Why would a businessman willingly provide consumers a subsidy for bread?
''Enlightened self-interest,'' explains Raymond Ackerman, chairman of South Africa's largest food retailing chain.
Mr. Ackerman's Pick 'n Pay food stores have declined to go along with a sharp increase in the price of bread this month. Pick 'n Pay will sell bread at below cost until a $1 million subsidy fund is depleted.
The way Ackerman sees it, the government's hike in the price of bread is ''a wrong move and a dangerous move.'' He is concerned about its potential for stirring social unrest among South Africa's economically disadvantaged black population, particularly since it comes on top of rising unemployment and the highest rate of inflation in 60 years.
A small indicator of the social impact of the higher bread price was seen last week when about 40 people, mostly Coloreds (persons of mixed race descent), staged a protest near Cape Town. One placard carried the message: ''We are hungry. Bring prices down.'' Some 22 protesters were arrested.
On Oct. 1 the price of white bread in South Africa jumped from 42 cents to 53 cents, brown bread increased from 29 cents to 35 cents. The increases come on top of a rise a month ago in the general sales tax, which went from 5 percent to 6 percent. The extra tax excluded bread, but raised prices of most other consumer goods.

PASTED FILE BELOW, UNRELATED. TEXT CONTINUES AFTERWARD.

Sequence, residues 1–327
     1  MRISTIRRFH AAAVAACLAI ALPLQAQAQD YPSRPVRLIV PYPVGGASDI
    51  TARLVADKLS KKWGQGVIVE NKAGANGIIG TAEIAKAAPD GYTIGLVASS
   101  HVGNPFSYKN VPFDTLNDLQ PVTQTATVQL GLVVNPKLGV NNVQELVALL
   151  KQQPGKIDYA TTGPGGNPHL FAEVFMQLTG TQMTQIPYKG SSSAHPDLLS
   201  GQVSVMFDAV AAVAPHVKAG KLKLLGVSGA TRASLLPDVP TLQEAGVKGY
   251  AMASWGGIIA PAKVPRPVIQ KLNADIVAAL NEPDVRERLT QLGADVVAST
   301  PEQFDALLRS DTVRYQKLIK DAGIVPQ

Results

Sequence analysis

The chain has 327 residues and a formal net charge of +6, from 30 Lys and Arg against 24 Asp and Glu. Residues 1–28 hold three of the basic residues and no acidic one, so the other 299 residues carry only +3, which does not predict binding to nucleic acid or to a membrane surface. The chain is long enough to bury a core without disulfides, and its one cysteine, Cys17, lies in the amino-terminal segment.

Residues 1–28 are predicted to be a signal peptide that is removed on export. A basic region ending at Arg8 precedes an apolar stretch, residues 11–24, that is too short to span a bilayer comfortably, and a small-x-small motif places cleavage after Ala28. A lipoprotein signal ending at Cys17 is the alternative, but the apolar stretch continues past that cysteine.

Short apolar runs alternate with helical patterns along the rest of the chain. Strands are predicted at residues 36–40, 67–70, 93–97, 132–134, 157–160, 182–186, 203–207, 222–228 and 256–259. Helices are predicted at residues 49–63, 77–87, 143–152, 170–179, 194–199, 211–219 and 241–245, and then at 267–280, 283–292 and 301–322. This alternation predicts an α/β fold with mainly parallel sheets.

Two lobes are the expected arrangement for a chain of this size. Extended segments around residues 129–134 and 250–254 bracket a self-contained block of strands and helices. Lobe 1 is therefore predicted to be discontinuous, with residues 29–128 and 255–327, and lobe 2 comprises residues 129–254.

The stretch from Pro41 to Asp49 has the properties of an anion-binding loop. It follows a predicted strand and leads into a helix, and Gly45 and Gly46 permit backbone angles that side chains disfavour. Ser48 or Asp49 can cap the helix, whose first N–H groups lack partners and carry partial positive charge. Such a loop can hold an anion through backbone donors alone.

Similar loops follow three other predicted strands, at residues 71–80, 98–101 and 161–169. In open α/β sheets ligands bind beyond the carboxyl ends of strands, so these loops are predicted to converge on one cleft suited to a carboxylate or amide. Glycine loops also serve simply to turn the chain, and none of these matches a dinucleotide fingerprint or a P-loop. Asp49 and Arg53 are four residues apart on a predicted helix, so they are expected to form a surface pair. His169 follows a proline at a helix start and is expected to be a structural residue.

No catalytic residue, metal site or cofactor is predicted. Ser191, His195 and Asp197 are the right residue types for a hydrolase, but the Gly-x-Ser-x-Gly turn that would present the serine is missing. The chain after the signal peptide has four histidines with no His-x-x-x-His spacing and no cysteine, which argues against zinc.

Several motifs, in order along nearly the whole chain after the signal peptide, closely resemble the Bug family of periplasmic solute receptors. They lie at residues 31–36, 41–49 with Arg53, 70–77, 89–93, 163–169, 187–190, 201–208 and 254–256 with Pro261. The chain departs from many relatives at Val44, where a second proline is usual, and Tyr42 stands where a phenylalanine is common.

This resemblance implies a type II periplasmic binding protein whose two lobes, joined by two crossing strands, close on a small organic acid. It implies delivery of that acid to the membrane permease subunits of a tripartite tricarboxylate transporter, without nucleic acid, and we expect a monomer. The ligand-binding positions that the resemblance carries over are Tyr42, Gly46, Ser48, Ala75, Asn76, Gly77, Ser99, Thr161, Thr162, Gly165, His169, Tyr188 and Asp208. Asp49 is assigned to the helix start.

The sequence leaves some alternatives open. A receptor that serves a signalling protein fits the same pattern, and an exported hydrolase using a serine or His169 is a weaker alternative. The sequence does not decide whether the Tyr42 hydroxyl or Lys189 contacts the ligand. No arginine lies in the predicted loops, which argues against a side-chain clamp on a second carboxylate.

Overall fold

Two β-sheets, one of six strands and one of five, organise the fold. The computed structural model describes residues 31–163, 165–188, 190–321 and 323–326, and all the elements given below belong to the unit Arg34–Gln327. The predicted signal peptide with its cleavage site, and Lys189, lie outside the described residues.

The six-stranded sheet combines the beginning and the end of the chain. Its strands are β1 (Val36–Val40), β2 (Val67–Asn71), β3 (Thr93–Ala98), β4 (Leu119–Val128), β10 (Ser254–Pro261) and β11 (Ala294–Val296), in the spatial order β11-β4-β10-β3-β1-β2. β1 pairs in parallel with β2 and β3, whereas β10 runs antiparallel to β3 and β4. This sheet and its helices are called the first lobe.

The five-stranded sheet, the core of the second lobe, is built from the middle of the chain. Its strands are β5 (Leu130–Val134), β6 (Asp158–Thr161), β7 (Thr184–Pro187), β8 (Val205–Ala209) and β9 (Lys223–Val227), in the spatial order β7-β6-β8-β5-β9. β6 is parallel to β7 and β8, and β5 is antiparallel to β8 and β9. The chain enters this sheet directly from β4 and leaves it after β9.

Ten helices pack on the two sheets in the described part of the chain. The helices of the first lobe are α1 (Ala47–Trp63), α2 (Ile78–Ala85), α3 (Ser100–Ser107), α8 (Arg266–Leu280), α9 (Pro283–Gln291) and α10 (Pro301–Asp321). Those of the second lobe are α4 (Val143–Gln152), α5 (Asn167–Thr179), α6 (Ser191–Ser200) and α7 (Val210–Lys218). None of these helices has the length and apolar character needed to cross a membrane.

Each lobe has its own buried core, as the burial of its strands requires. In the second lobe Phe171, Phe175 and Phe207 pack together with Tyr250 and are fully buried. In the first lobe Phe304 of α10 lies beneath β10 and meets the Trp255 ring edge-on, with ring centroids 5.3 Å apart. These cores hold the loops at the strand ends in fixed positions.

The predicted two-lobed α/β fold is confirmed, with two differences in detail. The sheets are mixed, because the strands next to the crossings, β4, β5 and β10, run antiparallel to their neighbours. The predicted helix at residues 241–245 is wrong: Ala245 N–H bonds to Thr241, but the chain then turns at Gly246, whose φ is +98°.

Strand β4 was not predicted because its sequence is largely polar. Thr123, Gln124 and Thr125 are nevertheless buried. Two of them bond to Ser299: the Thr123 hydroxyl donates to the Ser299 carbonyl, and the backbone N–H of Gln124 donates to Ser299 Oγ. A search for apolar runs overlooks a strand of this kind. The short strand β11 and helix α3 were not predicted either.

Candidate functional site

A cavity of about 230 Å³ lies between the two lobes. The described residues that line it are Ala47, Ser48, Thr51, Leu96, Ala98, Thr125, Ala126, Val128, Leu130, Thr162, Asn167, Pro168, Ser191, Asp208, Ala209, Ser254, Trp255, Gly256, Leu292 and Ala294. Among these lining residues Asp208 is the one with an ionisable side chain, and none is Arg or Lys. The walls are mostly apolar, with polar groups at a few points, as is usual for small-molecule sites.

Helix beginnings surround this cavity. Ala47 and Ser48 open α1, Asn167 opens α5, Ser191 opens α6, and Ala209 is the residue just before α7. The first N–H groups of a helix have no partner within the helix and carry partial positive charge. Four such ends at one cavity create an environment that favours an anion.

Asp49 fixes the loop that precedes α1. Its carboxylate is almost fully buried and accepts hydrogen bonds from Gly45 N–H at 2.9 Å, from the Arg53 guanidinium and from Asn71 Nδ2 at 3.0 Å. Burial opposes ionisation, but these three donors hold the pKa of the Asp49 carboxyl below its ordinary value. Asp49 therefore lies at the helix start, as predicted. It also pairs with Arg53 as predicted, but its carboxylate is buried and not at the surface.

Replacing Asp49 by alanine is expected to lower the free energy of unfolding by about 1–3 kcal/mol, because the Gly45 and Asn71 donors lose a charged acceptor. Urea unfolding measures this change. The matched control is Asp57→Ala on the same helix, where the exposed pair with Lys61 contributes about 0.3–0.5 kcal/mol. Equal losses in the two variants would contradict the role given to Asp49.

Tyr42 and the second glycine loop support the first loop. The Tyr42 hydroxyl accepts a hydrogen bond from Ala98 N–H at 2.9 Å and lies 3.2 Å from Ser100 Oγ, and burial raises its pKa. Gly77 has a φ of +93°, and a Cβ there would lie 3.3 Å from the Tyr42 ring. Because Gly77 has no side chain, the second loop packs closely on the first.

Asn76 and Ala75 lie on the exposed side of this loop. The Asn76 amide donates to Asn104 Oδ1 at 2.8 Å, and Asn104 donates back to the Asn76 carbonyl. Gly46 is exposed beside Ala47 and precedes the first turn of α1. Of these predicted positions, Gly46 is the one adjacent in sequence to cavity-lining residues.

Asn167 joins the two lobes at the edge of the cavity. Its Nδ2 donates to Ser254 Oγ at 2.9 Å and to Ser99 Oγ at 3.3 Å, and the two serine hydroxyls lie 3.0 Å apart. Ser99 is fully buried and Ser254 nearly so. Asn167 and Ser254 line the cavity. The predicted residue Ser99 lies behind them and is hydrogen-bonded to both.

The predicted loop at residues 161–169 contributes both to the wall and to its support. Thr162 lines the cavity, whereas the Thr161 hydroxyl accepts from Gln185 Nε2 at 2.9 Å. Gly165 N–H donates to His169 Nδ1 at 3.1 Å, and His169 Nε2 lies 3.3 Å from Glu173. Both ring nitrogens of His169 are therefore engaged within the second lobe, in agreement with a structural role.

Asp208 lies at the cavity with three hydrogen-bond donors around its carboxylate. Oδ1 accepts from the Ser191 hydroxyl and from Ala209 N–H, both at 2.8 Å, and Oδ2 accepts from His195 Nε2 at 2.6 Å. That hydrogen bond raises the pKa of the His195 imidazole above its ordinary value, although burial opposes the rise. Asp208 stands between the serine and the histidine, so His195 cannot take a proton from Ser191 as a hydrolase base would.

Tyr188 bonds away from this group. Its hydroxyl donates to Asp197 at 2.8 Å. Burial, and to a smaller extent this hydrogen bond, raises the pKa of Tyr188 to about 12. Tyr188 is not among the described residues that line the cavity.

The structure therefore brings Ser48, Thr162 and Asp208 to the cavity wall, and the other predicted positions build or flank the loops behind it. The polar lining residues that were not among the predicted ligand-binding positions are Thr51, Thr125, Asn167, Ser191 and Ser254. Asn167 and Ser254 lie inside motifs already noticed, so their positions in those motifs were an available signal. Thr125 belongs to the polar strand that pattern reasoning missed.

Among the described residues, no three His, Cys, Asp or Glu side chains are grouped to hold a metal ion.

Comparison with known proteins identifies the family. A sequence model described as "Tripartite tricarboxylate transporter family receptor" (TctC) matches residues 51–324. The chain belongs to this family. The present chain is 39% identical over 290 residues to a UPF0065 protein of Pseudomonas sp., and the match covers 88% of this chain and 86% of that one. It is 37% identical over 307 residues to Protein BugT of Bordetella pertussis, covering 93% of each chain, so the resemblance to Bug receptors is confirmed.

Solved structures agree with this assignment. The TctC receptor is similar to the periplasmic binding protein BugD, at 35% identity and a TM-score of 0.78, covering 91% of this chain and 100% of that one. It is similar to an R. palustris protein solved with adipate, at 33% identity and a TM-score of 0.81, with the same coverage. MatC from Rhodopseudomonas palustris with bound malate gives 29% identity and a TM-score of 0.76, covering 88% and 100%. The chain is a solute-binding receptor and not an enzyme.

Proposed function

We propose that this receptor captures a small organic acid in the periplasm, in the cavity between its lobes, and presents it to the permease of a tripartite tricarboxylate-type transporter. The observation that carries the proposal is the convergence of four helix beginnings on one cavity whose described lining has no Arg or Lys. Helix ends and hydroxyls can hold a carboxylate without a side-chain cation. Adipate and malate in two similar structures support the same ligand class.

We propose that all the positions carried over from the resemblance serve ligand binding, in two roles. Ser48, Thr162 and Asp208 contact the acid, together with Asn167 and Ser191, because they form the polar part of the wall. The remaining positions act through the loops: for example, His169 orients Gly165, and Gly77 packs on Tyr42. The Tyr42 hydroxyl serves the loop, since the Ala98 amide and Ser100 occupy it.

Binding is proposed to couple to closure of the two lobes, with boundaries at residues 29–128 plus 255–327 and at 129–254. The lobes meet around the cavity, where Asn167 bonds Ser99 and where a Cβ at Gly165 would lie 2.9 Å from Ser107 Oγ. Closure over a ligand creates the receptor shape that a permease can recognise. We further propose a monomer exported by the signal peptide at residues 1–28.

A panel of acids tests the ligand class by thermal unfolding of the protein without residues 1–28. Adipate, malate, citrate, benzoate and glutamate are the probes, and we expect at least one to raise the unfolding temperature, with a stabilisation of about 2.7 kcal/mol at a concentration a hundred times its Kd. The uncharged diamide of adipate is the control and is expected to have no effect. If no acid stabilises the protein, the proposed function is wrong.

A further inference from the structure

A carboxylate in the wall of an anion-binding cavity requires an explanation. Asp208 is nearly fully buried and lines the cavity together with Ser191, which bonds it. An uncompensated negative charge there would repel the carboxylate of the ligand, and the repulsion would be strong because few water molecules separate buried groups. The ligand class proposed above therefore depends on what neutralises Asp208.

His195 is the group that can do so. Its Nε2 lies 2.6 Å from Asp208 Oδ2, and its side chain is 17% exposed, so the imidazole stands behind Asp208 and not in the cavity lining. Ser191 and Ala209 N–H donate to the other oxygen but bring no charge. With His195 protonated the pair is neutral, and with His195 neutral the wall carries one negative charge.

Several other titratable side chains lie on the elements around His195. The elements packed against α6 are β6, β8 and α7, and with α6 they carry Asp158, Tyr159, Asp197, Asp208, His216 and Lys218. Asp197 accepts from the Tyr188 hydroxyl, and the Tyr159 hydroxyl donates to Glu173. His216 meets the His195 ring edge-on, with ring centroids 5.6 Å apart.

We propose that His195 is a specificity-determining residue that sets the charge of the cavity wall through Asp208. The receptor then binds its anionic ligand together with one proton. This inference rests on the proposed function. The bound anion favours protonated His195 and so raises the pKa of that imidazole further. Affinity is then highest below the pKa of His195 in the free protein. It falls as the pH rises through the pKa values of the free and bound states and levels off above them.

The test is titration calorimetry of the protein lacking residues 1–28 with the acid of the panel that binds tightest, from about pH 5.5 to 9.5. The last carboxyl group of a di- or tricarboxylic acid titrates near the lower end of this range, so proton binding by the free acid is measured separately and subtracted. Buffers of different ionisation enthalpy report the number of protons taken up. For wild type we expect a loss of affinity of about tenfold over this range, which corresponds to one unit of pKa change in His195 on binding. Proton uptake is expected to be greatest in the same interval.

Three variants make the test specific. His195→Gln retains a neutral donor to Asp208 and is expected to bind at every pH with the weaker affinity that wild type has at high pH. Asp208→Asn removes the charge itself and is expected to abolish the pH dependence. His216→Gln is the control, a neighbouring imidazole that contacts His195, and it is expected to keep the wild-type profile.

The Housewives' League of South Africa, a consumer group, has reacted with a nationwide campaign against the price hike. It calls for ''immediate'' price reduction and advocates reducing the cost of making bread rather than reducing the subsidy.
Pick 'n Pay is setting aside about $1 million to subsidize bread prices. Ackerman says his stores were already selling bread at a loss and will continue to sell at pre-October prices of 38 cents a white loaf and 25 cents for brown.
The $1 million subsidy will allow the food chain to sell about 16 million loaves of bread at the current price. Normally, that would amount to about nine months of sales, but with its bread prices so much lower than its competitors, Pick 'n Pay stores may find that rapid sales will eat up the subsidy sooner.
''It is not economically good to subsidize commodities,'' says Ackerman, a firm believer in the principle of free enterprise. ''But in a country like ours where there is still an enormous gap between rich and poor and between black and white, it is important for private enterprise and the government to show that they care about people.''
He says subsidies are justifiable in South Africa, where most people are ''not enfranchised'' and have few of the economic freedoms associated with free-market economy.
The South African government has supported bread prices for years. But in March it decided to reduce its subsidy. This change, coupled with a government decision to raise the price of wheat by 14 percent, set the stage for this month's bread price hike.
The new policy reduces subsidies on white bread from 12 percent to 5 percent, and on brown bread from 34 percent to 20 percent. However, the value of the government subsidy rose from about $140 million last year to an expected $170 million this fiscal year.
Ackerman calculates it would cost the government about $30 million to raise subsidies enough to roll back the October increases. He tried to talk his fellow food retailers into contributing toward reducing the price of bread, but failed and decided to go it alone.
The government regards its present level of subsidy as generous and says it is not economically wise to keep bread subsidies at the high levels of the past.